Slob driver: I know where Europe is.

That is our entire conversation transcribed. After half a minute of awkward silence the fancy Mainer asked in a very Maine way: “Eeh, would you mind stopping somewhere where I can buy some smokes?” (After this I seized to consider him fancy anymore: It was clear that he was just another Mainer although he was wearing nice clothes).
Stopping at the Greyhound station I paid $3.00, the smoker paid $4.00. Entering the newly built terminal I found the ticket counter closed: the metal divider that protects the Greyhound workers from the Lewiston locals was closed and I started to feel a little anxious. Turns out that the divider is broken and that the place was not closed. Hence I approached the counter where I had to bend down so that I could talk to the lady behind the divider through the money slot in the counter. Like a fool I stood there screaming my ticket preferences with every lonely soul (homeless people?) in the terminal staring at me. Somehow I managed to acquire the right ticket and I stepped outside and stood next to the fashionable Mainer while I waited for the bus to come. I fell asleep on the (smelly) bus and did not wake up until we were on that new fancy bridge that looks like a ship leading into downtown Boston. Everyone but me and a very sweet woman from South Africa got off at the South Station. We sat together chatting on the way to Logan Airport. She told me that she is a swimming instructor in Cape Town and that she has swum across the English Channel. I asked her if she swims in the ocean off Cape Town. She said that she did upon which I asked if she is afraid of the many great white sharks that inhabit the area. She wasn’t. She gave me her business card in case I ever stopped by Cape Town (I wish!). A URL was listed on the card and I figured I’d provide it: www.alternativeplace.co.za . She was a very nice lady who I would have liked to talk to some more but unfortunately I lost her at the airport.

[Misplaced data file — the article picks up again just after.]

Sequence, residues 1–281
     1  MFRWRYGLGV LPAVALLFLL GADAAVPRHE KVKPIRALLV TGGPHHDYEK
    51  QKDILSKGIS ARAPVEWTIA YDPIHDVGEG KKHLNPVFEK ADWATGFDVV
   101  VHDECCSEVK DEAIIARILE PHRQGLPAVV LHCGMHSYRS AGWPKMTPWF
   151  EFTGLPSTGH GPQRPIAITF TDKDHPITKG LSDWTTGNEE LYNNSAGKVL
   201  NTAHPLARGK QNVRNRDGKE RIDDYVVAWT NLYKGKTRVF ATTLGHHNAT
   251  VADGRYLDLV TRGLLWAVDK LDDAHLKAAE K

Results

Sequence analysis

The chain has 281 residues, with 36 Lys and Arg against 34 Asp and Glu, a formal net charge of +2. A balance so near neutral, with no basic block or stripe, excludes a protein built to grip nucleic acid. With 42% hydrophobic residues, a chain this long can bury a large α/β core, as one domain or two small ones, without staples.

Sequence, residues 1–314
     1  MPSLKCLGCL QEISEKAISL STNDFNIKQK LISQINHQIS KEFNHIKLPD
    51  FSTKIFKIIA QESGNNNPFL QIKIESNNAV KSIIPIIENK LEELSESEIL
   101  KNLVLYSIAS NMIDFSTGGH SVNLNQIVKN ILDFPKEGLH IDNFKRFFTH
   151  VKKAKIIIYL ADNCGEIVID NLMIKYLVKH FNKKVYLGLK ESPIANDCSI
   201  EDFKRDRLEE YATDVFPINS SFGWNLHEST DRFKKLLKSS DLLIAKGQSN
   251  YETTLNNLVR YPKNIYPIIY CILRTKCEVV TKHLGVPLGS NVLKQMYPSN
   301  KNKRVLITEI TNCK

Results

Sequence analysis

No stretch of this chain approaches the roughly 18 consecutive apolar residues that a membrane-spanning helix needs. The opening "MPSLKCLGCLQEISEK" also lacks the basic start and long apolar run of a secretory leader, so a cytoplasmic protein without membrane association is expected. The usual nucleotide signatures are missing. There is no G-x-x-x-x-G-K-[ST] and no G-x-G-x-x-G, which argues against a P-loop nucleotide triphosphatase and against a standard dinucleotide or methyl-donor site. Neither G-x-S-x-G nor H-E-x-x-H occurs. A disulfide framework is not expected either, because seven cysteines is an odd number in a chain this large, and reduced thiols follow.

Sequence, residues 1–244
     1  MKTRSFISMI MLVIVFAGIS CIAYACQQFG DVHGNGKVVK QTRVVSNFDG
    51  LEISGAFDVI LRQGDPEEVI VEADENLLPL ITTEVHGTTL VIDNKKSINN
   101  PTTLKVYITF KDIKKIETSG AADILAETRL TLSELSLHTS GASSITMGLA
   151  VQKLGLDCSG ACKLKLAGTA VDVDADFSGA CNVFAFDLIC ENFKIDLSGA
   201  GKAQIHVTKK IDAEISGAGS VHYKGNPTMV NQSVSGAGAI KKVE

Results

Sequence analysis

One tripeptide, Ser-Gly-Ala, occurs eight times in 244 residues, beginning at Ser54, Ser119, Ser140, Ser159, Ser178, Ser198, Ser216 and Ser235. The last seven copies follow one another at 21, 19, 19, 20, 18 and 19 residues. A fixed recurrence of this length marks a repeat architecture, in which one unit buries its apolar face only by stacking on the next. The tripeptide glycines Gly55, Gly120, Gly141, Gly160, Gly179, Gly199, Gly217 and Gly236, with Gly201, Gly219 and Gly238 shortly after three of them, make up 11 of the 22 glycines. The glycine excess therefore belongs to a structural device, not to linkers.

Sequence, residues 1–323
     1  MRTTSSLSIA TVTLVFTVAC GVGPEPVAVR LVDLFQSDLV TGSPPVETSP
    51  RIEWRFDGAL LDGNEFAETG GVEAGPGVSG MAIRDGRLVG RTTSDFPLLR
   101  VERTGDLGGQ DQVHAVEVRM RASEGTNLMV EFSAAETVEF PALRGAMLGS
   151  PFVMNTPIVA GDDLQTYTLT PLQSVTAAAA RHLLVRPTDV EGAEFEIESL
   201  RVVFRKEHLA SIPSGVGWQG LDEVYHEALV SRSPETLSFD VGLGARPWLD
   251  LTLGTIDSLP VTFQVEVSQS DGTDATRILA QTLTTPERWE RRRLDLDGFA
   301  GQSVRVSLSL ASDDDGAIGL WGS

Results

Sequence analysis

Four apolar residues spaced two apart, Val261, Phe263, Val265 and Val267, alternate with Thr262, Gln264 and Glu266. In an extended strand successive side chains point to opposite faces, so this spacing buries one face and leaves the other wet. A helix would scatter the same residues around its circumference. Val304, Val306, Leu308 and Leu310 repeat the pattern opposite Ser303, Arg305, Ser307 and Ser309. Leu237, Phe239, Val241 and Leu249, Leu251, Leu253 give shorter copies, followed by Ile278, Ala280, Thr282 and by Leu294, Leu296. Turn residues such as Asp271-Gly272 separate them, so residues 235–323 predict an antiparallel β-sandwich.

Oh the airport. Dreaded Logan Airport. This is probably the worst international airport that I have encountered so far (Charles De Gaulle is horrible as well but at least it looks good). The international terminal (Terminal E) looks good in at first but soon it becomes evident that this airport has very little to offer its visitors: one make-up store, one convenience store, and one over priced café. They call the area where these outlets are located “AirMall” or something like that and it has some ridiculous slogan like: Everything you need. No, Airmall has nothing that I need nor want. Inside the ticket-holders only area there is also a decent bookstore and a restaurant and probably some other store that I overlooked. This area is immensely ugly and a hassle to wait in as there always seems to be fewer seats than waiting passengers. Logan is also a very unorganized airport: The boarding for my flight (Air France) and a British Airways flight (the adjacent gate) started at the same time and as there was no system for queuing in place a huge crowd gathered in front of the two gates. People pushed and squeezed and did everything to get ahead in the line. In this chaos some passengers bound for Air France unknowingly ended up in the line for the British Airways flight and vice versa. Getting onboard was a very unpleasant experience of squeezing and pushing around, and of course being pushed around. It is at times like that I wish I had some more money so that I could afford business class tickets rather than shady economy class tickets. Air France refers to their economy class alternative as “Tempo”. This neat name is not characteristic of Air France, arguably the slowest airline in the world.